Select Page

Virtual group facilitation is possible in the COVID ageWhile the COVID-19 pandemic has put a halt to our preferred, in-person interactions, the world continues to spin. As community leaders, we still have to confront and address challenges across a range of issues—and the challenges are more urgent and consequential than ever. The good news is that the virtual tools (Microsoft Teams, Zoom, and the like) that are enabling business and social continuity can also support group facilitation and problem solving.

Here’s a look at how our team is effectively applying our proven group facilitation methodologies into the virtual realm.

The Stratiscope approach to virtual group facilitation

1. Design for success.

Designing for engagement is the key to the success in remote facilitation. The principles that enable, enhance, and reward engagement underlie the facilitation methods and meeting agenda we employ.

For example, we work with our clients to make sure they have clear outcomes from the online facilitation. We design a program to match that vision and then we iterate again with the client, incorporating input from participants. This iterative design process is the same we’d use offline, but it’s even more important, powerful, and necessary when the facilitation is virtual.

2. Maximize the “venue.”

Technology makes effective group facilitation possible.It’s been well demonstrated that virtual meeting environments can successfully support discovery, collaboration, and decision-making in both group and break-out sessions. Remote workshop facilitation is an ideal distributed environment because the “venue” maximizes productive engagement while providing each participant with full access to his or her own resources.

The challenge is keeping the focus on the work at hand and not letting participants be distracted by their resources of email, the internet, and worse: social media! Keeping discussions short and varied on the platform is essential to keeping attention.

(Added bonus: A virtual workshop reduces the stress of commuting and allows for brief interruptions for necessary duties or inquiries their organizations require.)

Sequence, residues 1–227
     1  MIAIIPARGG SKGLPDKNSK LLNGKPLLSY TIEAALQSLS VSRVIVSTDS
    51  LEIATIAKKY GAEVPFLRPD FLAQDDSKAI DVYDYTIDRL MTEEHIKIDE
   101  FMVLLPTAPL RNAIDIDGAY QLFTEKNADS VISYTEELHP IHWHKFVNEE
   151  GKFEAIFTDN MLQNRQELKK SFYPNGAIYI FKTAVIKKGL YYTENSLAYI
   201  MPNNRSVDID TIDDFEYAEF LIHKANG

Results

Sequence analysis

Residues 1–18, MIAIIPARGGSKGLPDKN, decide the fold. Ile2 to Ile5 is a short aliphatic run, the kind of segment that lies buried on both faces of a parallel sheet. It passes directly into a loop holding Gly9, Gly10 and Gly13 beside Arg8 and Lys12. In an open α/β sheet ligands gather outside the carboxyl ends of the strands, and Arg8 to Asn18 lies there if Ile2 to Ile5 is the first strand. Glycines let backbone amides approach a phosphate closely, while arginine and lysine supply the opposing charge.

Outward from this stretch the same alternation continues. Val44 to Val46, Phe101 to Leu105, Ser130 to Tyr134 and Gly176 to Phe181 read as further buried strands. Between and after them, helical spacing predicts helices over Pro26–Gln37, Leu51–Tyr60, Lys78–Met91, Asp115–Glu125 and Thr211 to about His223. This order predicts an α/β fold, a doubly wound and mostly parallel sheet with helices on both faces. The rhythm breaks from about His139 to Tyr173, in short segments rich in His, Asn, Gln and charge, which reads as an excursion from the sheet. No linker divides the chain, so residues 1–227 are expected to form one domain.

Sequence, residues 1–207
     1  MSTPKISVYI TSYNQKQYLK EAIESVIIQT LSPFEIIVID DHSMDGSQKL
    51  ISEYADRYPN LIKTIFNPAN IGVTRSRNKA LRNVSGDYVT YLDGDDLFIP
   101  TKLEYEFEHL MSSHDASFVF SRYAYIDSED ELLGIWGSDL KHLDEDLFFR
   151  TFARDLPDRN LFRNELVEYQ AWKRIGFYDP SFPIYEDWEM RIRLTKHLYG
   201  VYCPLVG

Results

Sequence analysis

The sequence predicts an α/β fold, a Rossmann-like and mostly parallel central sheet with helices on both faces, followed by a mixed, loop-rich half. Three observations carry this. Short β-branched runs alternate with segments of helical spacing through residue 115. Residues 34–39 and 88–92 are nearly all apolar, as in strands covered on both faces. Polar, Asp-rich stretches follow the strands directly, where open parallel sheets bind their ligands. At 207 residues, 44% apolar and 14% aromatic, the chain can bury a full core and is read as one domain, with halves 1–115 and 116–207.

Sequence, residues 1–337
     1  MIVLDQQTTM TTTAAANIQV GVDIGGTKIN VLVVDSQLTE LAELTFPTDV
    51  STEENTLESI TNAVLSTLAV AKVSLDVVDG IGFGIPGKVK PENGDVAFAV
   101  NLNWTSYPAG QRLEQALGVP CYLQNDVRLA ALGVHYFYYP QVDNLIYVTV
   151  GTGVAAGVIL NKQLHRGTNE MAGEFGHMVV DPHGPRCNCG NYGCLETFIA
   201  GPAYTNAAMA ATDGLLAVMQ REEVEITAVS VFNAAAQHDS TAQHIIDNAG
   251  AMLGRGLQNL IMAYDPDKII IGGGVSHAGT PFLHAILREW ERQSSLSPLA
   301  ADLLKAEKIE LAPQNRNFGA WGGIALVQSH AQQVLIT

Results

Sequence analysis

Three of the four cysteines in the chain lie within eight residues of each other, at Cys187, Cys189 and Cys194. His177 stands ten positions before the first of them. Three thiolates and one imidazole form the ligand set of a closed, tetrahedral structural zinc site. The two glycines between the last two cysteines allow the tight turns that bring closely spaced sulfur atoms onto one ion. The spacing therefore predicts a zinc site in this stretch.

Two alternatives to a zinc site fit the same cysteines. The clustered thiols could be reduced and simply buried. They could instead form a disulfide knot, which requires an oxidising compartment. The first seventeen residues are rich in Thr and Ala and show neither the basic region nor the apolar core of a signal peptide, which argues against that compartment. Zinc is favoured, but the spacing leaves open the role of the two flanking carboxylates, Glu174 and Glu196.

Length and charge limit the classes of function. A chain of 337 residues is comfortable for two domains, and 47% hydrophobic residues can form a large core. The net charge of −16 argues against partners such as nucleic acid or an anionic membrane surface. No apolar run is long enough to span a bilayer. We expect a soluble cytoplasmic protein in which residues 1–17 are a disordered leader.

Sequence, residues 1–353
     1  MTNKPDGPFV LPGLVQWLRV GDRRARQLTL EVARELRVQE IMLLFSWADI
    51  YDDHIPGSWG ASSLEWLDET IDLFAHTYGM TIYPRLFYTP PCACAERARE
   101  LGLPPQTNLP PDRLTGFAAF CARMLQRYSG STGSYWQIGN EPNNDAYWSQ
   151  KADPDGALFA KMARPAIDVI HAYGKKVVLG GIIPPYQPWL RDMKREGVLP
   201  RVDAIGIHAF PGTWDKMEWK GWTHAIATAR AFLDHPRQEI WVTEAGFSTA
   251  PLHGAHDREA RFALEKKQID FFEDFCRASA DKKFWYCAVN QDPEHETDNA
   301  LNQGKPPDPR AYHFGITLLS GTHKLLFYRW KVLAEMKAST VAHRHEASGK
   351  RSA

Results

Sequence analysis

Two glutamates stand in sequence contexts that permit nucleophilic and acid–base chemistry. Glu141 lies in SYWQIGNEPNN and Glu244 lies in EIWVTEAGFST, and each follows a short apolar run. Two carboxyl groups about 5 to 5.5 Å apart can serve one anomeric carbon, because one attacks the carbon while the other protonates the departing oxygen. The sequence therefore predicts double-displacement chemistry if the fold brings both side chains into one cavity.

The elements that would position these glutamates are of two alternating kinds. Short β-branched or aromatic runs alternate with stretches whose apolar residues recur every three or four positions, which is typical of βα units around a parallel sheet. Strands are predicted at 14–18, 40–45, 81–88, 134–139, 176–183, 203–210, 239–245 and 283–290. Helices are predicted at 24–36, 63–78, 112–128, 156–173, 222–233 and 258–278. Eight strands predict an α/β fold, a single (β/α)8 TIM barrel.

3. Plan around engagement.

Virtual group facilitation members can participate anywhere they have WiFiFurther, virtual platforms are not just merely digital meeting rooms. Managing technology and personal preferences and instilling engagement and true participation require protocols that recognize the deficit of remote conversation.

This important difference hones a new set of skills that amplify empathy and compassionate listening and other valuable interpersonal skills. You have to “read” people’s eyes and head position as the only body language that indicates their level of engagement, interest, and comprehension.

Critical micro-expressions are less visible on a video call, and those cues are essential for the facilitator to move the group and conversation forward. The facilitator must work overtime to ensure they are using every cue possible to them to replace (but not replicate) off-line, in-person engagement.

An unexpected upside of remote meetings is that they provide an equality of contribution, as “turn-taking” is easier to manage. Thus, the goals of inclusiveness are more easily reached. (Compare with the “loudest voice wins” environment often found in physical meetings.)

You still have critical work to do. Can we help you get it done?

In-person, indoor, off-site meetings are likely off the table for the near future. That needn’t stop you from convening the necessary people to advance your goals.

If your organization needs to convene stakeholders, SMEs, or executives, please reach out to discuss how we can customize a facilitation for you.

Read more:

[VIDEO] Top 3 Tips For Adjusting to Remote Working During the COVID-19 Pandemic

9 Ways to Lean In To Crises Like the COVID-19 Pandemic and Grow as a Leader

[VIDEO] COVID-19 Post-Pandemic Back-To-Work Guide

How Do You Reconnect as a Leader After Hibernation from COVID-19 Isolation?